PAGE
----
Racial and Ethnic Differences in Communication Quality During Family-Centered Rounds.

Journal Article (Journal Article)

OBJECTIVES: To evaluate racial and ethnic differences in communication quality during family centered rounds. METHODS: We conducted an observational study of family-centered rounds on hospital day 1. All enrolled caregivers completed a survey following rounds and a subset consented to audio record their encounter with the medical team. We applied a priori defined codes to transcriptions of the audio-recorded encounters to assess objective communication quality, including medical team behaviors, caregiver participatory behaviors, and global communication scores. The surveys were designed to measure subjective communication quality. Incident Rate Ratios (IRR) were calculated with regression models to compare the relative mean number of behaviors per encounter time minute by race and ethnicity. RESULTS: Overall, 202 of 341 eligible caregivers completed the survey, and 59 had accompanying audio- recorded rounds. We found racial and ethnic differences in participatory behaviors: English-speaking Latinx (IRR 0.5; 95% confidence interval [CI] 0.3-0.8) Black (IRR 0.6; 95% CI 0.4-0.8), and Spanish-speaking Latinx caregivers (IRR 0.3; 95% CI 0.2-0.5) participated less than white caregivers. Coder-rated global ratings of medical team respect and partnership were lower for Black and Spanish-speaking Latinx caregivers than white caregivers (respect 3.1 and 2.9 vs 3.6, P values .03 and .04, respectively: partnership 2.4 and 2.3 vs 3.1, P values .03 and .04 respectively). In surveys, Spanish-speaking caregivers reported lower subjective communication quality in several domains. CONCLUSIONS: In this study, Black and Latinx caregivers were treated with less partnership and respect than white caregivers.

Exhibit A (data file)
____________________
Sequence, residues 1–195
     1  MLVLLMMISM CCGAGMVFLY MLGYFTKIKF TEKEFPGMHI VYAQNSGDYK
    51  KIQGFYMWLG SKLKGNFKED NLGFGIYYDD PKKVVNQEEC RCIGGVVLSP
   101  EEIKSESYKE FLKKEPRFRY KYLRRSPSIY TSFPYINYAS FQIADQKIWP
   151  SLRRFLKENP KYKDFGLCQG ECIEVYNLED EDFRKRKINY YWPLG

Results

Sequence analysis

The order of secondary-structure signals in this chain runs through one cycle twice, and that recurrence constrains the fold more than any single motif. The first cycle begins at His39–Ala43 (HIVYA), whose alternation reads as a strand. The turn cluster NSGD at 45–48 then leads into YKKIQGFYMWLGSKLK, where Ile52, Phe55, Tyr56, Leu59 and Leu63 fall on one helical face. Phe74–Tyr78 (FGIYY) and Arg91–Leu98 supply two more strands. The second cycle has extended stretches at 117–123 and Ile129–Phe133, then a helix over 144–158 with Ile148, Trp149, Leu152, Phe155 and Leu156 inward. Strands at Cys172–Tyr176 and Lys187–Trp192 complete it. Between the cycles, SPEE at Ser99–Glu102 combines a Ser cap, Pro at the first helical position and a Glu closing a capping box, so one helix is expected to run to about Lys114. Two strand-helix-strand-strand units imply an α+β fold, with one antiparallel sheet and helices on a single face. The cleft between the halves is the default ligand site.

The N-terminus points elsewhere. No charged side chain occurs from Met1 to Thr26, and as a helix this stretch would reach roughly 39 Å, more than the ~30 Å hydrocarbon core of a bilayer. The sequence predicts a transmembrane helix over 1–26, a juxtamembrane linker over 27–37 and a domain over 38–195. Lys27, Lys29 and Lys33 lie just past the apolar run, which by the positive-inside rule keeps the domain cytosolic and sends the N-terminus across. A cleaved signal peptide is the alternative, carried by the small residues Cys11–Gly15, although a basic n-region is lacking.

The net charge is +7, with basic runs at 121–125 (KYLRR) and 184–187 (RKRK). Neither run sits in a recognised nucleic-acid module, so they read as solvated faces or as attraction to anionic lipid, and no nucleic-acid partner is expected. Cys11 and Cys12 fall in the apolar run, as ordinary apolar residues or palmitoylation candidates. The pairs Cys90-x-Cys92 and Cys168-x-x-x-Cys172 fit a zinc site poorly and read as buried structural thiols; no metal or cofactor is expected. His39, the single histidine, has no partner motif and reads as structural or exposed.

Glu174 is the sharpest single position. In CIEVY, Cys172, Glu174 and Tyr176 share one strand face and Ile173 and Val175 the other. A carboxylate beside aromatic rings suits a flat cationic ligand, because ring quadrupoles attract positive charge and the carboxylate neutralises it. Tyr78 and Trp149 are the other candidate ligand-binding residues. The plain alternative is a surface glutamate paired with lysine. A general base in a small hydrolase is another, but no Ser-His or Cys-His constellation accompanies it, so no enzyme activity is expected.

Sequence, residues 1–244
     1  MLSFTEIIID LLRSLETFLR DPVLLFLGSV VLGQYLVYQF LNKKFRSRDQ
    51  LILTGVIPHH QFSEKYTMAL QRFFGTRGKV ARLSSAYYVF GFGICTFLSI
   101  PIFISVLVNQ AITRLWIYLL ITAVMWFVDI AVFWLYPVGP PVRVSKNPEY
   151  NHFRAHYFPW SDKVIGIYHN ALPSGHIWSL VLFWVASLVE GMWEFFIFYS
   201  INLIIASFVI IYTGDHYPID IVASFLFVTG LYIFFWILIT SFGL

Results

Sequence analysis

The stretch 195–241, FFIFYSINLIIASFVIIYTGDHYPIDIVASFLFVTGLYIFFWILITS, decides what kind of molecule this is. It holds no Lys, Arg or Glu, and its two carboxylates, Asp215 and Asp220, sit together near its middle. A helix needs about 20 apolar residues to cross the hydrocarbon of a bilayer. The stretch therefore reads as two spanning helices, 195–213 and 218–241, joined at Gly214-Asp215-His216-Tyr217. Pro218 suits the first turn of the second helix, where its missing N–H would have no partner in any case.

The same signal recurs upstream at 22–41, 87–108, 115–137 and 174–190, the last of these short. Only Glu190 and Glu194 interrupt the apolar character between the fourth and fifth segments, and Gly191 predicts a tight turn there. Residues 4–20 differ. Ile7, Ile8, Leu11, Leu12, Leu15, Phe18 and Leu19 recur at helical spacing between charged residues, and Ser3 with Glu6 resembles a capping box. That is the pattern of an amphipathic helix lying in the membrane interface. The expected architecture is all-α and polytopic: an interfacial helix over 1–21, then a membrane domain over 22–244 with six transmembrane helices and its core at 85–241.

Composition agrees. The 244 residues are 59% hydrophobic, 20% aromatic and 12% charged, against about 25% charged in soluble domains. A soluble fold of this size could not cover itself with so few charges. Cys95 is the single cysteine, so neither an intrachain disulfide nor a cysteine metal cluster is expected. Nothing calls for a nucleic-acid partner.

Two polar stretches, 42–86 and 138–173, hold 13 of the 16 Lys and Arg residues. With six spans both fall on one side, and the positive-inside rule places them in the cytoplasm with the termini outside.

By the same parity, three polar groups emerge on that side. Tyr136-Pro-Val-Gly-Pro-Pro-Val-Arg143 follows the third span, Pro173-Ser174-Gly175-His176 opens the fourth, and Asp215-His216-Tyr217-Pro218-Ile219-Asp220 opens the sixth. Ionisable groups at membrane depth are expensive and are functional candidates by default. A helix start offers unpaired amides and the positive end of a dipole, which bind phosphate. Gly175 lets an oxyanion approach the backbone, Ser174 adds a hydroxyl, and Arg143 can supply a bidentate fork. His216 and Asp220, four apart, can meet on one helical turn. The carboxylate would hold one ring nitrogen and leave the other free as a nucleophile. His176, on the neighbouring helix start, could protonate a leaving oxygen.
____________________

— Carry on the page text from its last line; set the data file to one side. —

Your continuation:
Full Text

Duke Authors

Cited Authors

  • Parente, VM; Reid, HW; Robles, J; Johnson, KS; Svetkey, LP; Sanders, LL; Olsen, MK; Pollak, KI

Published Date

  • December 1, 2022

Published In

Volume / Issue

  • 150 / 6

PubMed ID

  • 36345704

Pubmed Central ID

  • PMC9724176

Electronic International Standard Serial Number (EISSN)

  • 1098-4275

Digital Object Identifier (DOI)

  • 10.1542/peds.2021-055227


  • eng

Conference Location

  • United States